© Valérie Masson-Delmotte
With 200 days to go before the 21st Conference of the Parties to the UNFCCC (COP21), the Business & Climate Summit is taking place in Paris, bringing together private-sector companies, including Total, and government leaders. Climatologist Valérie Masson-Delmotte took this opportunity to revisit global warming challenges and the important role businesses have to play in the energy transition. Research Director at France's Climate & Environmental Sciences Laboratory (LSCE), she will speak alongside Total at World Environment Day held on June 5, 2015 under the auspices of the United Nations to encourage worldwide awareness and action for the environment.
Why did you agree to speak alongside Total at the World Environment Day?
Valérie Masson-Delmotte / I'm delighted to present alongside businesses from various sectors. We have to acknowledge the problem of global warming collectively and propose solutions. Unless we enter into a conversation with them, nothing will happen. It's something that has to be undertaken at every level, from the individual to the community, business and government. I've noticed that businesses have become aware of their role and responsibilities in addressing the situation. As a scientist, I feel a responsibility to share current state of knowledge as widely as possible.
What is the goal we should keep in sight in the fight against climate change?
V. M.-D. / The main goal set by heads of state at the Copenhagen Summit in 2009 was to limit this increase to 2°C in 2100, compared to the 1900 baseline. We've already produced two-thirds of the greenhouse gas emissions compatible with that goal, half of which in the last 40 years. So there’s only one-third left going forward. That gives you an idea of the scope of the transformation we have to bring about. Climate change calculations show that if we want to reach that goal, carbon emissions must not only stop rising as soon as possible, they then have to decrease significantly. And even if they do, the climate would keep warming up until 2050, and only then stabilize. But a certain degree of climate change is unavoidable, so we have to plan ahead to adapt to it. If greenhouse gas emissions keep climbing every year at current rates, warming will pick up pace considerably — an additional 4°C in 2100 — and climate change impacts will be that much worse.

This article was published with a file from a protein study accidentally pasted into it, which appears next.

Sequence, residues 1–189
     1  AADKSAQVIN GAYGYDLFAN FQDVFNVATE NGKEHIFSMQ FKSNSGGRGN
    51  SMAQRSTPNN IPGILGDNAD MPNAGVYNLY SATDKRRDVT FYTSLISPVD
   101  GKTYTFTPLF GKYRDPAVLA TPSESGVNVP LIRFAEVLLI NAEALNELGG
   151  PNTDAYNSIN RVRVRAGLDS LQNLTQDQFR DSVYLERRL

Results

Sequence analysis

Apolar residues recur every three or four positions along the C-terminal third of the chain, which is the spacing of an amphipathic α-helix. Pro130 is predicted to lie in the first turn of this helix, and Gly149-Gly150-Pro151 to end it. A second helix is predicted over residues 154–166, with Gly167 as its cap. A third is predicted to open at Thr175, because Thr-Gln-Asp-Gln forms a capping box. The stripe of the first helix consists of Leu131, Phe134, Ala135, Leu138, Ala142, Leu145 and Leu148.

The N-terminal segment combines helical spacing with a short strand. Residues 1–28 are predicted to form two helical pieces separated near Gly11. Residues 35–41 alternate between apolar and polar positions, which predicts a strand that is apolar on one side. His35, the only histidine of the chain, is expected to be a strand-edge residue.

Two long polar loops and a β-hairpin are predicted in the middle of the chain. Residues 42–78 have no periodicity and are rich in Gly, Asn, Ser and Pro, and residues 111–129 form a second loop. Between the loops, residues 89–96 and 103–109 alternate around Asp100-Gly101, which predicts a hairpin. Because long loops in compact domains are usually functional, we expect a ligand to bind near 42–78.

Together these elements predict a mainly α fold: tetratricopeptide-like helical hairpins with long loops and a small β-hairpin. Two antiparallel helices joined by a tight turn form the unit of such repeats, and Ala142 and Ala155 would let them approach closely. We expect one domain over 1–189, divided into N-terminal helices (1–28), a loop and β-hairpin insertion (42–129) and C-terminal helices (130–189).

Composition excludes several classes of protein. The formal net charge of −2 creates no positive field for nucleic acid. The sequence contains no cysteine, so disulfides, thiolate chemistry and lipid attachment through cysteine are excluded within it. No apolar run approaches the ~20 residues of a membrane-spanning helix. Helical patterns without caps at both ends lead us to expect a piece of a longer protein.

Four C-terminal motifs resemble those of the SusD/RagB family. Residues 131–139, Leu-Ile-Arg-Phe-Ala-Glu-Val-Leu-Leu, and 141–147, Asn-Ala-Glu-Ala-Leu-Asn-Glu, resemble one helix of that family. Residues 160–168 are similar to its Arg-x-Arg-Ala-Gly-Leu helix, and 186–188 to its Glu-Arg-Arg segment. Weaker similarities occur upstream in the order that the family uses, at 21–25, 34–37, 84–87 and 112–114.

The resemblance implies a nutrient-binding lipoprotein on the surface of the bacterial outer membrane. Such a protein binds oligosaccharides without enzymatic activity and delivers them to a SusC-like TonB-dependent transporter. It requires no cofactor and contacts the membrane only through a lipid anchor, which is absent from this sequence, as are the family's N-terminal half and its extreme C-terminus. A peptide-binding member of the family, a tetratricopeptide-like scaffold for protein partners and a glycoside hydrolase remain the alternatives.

Why is it vital to act?
V. M.-D. / Unless we alter the path we're on, sea levels could rise one meter by 2100 and we could see more frequent and more pronounced extreme weather events such as heat waves, droughts and torrential rain. Remember, every additional degree of heat in the atmosphere increases humidity 7%. We can also expect less precipitation in regions with a Mediterranean climate, because of changes in atmospheric circulation. The faster the climate changes, the greater the impacts, which societies and ecosystems will be unable to adapt to. To avoid unwanted changes, we need a major agricultural and energy transition as soon as possible, in order to manage greenhouse gas emissions.
What role can businesses play in the fight against climate change?
V. M.-D. / Some of them are exemplary about energy efficiency, which is still a cornerstone of the energy transition, especially in the building sector. Companies can provide solutions that are innovative both in terms of technology and organization, to offer an energy mix that is as low-carbon as possible. They have a real role to play in advising and providing services to consumers. But the most important thing is that the transition to a low-carbon economy create jobs. In that sense, the fight against climate change is not a drag on the economic recovery — it’s actually quite the opposite.